Lovers of poetry have much to thank Robert Bridges for; if it wasn’t for his loyal service we would never know of the extraordinary poems of Gerard Manley Hopkins. Hopkins, working as a Jesuit priest in Dublin, had died of typhoid fever on 8 June 1889, his poems virtually unknown. Bridges published the first collection of his friend’s work in 1918 – a century able to understand and love this strange poetry in a way that the Victorian world in which Hopkins lived could not have done.
I am writing this in response to Bright Wings Dappled Things, a selection of Hopkins’ best loved poems, produced by Messenger Publications, Dublin, with an introduction and commentary by Sister Jo O’Donovan RSM. It is a handsome hardback volume, including photographs by Fr Francis Browne SJ (1880-1960) which, not unlike Hopkins’ poems, had lain in the Jesuit Provincial Archives for 26 years after his death.
If this makes the volume sound like a glossy, coffee-table production, it isn’t. Fr Browne’s stark, dramatic, black and white scenes of nature, Irish landscapes and people mesh beautifully with the poet’s themes, his absorption in natural phenomena, such as revealed in Pied Beauty or Inversnaid, and his sympathy with ordinary working people, as shown in Felix Randal.
Those who love Hopkins will have their favourites; mine are what have been described as the “dark sonnets”, those written in Dublin, where he was sent in 1884, already delicate in health and inclined to introspection and loneliness. They are some of the finest poems ever written on that sense of spiritual isolation experienced by all who are prepared to confront the tragic sense of life even as they wrestle with hope in the Resurrection. As Hopkins puts it in That Nature is a Heraclitean Fire, “This Jack, joke, poor potsherd/patch, matchwood, immortal diamond/ is immortal diamond.”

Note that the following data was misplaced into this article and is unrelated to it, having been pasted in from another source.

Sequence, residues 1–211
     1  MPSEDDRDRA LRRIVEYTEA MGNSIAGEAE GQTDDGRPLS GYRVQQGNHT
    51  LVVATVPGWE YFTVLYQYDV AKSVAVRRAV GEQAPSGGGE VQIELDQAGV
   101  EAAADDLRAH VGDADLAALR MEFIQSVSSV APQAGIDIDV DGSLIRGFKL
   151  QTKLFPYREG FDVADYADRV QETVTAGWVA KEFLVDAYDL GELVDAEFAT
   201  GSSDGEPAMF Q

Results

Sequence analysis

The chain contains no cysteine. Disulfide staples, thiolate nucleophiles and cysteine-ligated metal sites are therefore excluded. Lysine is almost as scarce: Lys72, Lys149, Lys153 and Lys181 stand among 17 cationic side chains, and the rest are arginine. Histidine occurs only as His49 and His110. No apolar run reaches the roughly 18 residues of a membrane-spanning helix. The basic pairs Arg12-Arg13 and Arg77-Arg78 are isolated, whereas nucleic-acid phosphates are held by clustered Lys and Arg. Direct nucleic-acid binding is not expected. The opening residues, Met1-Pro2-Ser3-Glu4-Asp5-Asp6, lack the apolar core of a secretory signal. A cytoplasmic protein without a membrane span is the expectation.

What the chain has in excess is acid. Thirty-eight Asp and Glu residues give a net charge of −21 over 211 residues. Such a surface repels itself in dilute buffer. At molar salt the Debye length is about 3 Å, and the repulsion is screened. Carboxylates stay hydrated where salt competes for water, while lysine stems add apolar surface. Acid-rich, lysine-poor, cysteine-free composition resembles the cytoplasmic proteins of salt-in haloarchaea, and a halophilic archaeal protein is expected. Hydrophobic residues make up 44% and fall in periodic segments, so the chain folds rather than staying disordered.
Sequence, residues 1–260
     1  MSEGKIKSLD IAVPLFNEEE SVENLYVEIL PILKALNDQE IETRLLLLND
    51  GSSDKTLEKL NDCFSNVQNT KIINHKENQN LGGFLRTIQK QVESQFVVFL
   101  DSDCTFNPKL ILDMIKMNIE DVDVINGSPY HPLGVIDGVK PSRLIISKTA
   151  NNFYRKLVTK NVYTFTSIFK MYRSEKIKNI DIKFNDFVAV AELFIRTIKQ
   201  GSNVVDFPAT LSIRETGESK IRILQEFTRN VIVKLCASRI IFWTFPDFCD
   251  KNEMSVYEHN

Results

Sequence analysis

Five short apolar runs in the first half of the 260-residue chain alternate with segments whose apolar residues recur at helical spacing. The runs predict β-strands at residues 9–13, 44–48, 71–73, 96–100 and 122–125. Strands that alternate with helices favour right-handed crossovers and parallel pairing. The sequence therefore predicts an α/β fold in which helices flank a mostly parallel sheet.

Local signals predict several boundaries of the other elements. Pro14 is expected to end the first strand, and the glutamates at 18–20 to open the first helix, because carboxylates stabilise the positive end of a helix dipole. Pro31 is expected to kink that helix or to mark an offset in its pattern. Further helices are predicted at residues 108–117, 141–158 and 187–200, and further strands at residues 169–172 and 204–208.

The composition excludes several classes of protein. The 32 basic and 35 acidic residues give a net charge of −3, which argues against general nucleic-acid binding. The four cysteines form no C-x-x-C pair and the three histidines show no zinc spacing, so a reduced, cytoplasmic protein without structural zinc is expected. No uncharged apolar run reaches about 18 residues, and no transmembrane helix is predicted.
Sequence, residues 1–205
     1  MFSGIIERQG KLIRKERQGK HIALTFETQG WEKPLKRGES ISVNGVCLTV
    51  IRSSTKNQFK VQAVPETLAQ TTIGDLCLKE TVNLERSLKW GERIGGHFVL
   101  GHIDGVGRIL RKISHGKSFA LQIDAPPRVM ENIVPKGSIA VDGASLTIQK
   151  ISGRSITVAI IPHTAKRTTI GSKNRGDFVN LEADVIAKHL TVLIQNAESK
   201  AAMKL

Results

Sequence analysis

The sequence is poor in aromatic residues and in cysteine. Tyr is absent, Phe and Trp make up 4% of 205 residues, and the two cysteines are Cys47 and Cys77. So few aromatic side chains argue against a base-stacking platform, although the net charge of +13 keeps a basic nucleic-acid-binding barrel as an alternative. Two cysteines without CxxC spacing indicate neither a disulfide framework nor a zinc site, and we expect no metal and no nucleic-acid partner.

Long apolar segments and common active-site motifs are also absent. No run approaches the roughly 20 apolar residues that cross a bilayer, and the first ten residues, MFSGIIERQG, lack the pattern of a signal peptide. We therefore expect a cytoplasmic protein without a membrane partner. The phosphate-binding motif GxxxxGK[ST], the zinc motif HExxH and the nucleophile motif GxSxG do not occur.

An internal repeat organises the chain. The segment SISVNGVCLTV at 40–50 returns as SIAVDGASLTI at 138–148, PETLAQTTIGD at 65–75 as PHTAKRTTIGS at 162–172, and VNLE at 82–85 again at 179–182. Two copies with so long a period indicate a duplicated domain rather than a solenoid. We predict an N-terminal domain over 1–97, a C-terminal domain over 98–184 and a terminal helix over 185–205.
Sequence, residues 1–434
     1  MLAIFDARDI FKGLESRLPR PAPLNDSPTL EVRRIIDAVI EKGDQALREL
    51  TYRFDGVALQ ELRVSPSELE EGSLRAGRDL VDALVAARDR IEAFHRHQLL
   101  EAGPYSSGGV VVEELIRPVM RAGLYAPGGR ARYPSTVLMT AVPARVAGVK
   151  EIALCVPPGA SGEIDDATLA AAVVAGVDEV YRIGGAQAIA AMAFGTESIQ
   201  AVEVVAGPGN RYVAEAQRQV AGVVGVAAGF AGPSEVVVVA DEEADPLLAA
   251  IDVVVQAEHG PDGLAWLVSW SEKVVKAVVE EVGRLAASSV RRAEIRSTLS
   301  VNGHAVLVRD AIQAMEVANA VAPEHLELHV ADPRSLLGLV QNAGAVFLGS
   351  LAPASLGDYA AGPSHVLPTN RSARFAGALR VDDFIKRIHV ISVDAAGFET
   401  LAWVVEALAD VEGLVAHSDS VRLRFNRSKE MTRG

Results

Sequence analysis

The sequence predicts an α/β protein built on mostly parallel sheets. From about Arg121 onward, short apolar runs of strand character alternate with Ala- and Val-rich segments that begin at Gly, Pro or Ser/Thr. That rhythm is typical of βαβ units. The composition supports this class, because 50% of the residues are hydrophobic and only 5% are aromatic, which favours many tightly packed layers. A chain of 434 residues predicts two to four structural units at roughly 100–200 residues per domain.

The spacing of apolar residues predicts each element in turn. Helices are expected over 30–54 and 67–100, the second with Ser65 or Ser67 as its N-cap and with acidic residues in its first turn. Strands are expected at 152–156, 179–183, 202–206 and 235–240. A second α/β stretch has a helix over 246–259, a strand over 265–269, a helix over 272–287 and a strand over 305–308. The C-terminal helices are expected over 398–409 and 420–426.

The phrase “immortal diamond” was engraved on Hopkins’ memorial stone in Poet’s Corner, Westminster Abbey in 1975, rightly so, of the man who could also write so poignantly, “O the mind, mind has mountains; cliffs of fall/ frightful, sheer, no-man-fathomed…”
Sister Jo O’Donovan who has included a brief summary of the poet’s life alongside a commentary on the poetry, suggests that this is for those who are not familiar with Hopkins’ work. Those who are might well have different interpretations and insights than the ones she gives. Yet she can be a helpful guide for e.g. The Wreck of the Deutschland, which even Bridges found hard to fathom.
A convert when aged 22 and at Oxford (he was received on 21 October by John Henry Newman), Hopkins wrote to his concerned parents five days earlier to explain that his study of Catholicism had led him to the “old church” as a “system that only wants to be known in order to be loved – its consolations, its marvellous ideal of holiness, the faith and devotion of its children…its array of saints and martyrs, its consistency and unity, its glowing prayers, the daring majesty of its claims…”
Conversion did not lead Hopkins to write conventional religious verse; it simply transformed what he wrote into an intensely sacramental vision of life, where, as he put it in As Kingfishers Catch Fire, “Christ plays in ten thousand places/lovely in limbs and lovely in eyes not his…”